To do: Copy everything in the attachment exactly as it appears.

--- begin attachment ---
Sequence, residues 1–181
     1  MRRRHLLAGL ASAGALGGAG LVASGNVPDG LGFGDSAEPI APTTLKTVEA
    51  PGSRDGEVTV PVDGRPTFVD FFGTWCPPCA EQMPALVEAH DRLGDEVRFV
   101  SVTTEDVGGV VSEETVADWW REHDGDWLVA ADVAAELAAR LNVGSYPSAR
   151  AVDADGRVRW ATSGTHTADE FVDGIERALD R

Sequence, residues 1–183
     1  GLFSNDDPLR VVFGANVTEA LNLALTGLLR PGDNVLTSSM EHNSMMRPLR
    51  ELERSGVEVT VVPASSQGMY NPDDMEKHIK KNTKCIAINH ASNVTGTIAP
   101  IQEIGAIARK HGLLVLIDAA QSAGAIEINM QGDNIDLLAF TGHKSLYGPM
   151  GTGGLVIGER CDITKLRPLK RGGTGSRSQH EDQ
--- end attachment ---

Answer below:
Sequence, residues 1–181
     1  MRRRHLLAGL ASAGALGGAG LVASGNVPDG LGFGDSAEPI APTTLKTVEA
    51  PGSRDGEVTV PVDGRPTFVD FFGTWCPPCA EQMPALVEAH DRLGDEVRFV
   101  SVTTEDVGGV VSEETVADWW REHDGDWLVA ADVAAELAAR LNVGSYPSAR
   151  AVDADGRVRW ATSGTHTADE FVDGIERALD R

Sequence, residues 1–183
     1  GLFSNDDPLR VVFGANVTEA LNLALTGLLR PGDNVLTSSM EHNSMMRPLR
    51  ELERSGVEVT VVPASSQGMY NPDDMEKHIK KNTKCIAINH ASNVTGTIAP
   101  IQEIGAIARK HGLLVLIDAA QSAGAIEINM QGDNIDLLAF TGHKSLYGPM
   151  GTGGLVIGER CDITKLRPLK RGGTGSRSQH EDQ